Just a few thoughts
Solving congestion may be a rather tall order. If anyone claims that any form of WLT scheme
[tram, trolleybus or whatever] is going to 'solve congestion across West London', they are to
quote [a polite version of] the phrase: 'talking through their hat'.
Congestion affects a widespread area and is not simply a function of east-west traffic along the
Uxbridge Road itself. What is needed is a whole package of measures which will improve both
the actuality and perception of public transport in this area and thus reduce the use of cars as
much as possible. WLT as a tram scheme does not give any greater benefits along the Uxbridge
Road than a trolleybus scheme would but costs very much more. This implicitly implies less [or
possibly no] resources available for schemes away from Uxbridge Road itself. Also the very
nature of the WLT tram scheme proposed is likely to worsen flows by buses which are not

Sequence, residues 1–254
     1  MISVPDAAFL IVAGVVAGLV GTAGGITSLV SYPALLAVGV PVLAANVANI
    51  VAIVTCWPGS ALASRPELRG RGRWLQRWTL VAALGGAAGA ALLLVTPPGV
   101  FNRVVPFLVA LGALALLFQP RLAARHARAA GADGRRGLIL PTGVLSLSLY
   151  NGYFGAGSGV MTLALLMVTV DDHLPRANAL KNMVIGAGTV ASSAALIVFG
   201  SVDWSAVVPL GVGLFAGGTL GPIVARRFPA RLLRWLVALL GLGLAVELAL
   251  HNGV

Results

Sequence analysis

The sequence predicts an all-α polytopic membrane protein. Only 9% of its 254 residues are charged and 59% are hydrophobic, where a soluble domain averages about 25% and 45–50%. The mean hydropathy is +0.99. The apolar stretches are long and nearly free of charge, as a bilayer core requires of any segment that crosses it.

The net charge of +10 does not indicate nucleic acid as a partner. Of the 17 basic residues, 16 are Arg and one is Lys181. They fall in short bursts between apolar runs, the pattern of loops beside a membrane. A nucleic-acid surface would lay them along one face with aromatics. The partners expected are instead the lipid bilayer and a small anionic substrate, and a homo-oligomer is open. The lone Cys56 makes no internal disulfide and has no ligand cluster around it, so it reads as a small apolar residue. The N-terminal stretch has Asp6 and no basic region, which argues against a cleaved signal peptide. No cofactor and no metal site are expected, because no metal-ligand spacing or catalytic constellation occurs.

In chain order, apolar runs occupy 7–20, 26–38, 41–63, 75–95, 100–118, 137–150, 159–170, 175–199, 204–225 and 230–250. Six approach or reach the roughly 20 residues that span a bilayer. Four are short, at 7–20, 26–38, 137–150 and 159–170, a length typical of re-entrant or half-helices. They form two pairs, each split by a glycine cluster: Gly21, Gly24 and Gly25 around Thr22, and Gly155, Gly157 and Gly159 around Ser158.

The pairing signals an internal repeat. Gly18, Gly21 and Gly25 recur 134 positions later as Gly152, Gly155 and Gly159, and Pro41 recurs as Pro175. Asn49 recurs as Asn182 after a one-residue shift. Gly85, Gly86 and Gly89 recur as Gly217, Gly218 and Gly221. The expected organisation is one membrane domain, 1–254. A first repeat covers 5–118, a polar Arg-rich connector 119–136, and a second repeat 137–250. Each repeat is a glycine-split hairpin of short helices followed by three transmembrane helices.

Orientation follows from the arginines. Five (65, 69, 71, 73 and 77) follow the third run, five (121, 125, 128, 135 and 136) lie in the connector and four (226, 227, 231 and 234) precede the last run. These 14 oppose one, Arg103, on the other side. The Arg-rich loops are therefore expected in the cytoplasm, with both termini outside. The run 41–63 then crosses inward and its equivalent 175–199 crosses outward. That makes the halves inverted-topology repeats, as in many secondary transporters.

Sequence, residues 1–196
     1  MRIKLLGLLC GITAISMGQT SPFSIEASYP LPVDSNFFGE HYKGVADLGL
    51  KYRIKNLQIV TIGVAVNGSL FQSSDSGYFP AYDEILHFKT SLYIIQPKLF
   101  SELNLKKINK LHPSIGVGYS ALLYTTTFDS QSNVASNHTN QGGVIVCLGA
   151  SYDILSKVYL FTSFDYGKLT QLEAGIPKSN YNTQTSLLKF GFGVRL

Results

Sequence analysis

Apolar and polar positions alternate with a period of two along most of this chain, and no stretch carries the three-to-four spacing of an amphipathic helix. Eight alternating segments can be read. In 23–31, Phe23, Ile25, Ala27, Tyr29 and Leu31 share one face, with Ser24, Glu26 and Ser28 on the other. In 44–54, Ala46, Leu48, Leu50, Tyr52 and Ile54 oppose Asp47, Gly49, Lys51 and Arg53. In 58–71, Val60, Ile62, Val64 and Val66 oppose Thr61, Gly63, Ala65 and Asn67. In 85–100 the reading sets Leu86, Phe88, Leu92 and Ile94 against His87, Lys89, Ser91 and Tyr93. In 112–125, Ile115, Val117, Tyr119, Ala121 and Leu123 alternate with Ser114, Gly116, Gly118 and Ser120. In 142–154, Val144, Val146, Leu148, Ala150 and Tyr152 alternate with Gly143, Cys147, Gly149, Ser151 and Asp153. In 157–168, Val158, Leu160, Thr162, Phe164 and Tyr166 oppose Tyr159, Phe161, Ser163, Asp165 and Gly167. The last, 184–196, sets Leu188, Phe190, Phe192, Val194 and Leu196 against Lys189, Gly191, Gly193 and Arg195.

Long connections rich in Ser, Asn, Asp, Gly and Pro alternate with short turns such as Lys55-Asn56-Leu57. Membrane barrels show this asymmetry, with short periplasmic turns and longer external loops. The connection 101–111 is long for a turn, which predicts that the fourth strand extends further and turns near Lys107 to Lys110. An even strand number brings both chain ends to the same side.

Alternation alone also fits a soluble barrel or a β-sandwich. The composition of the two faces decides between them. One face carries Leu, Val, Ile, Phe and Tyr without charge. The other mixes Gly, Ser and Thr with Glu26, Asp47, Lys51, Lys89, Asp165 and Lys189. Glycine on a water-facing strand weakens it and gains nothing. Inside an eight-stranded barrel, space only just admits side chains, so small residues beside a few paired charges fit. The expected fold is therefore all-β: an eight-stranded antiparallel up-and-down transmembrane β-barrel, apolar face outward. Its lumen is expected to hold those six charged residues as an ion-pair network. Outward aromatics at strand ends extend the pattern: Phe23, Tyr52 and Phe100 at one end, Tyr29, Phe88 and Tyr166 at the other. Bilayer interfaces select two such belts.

simply along the Uxbridge Road [by creating a greater requirement to change - which is
universally unpopular and thus often causes modal shift the wrong way].
The advantages of trolleybuses are that they are non-polluting on street. This is very important
on a corridor where there are very frequent bus services. If for instance you doubled the 207
frequency with diesel buses, you have double the air-borne pollutants. Double a trolleybus
service and you still have none.
The ability to steer trolleybuses across [both] the carriageway[s] and the design of the vehicles
means that they can be better integrated into the overall bus provision along the corridor.
There is no need to curtail services as will be done in the proposed tram solution. This will
therefore be beneficial in the general area around the Uxbridge Road. The lesser capital costs
will allow funding to be available to improve these services further [including possibly
electrifying many of them into trolleybus routes].
Along the Uxbridge Road itself, the fixed route of a street tramway is very susceptible to delay
if running with other traffic on the kerb side of the carriageway. For this reason tracks are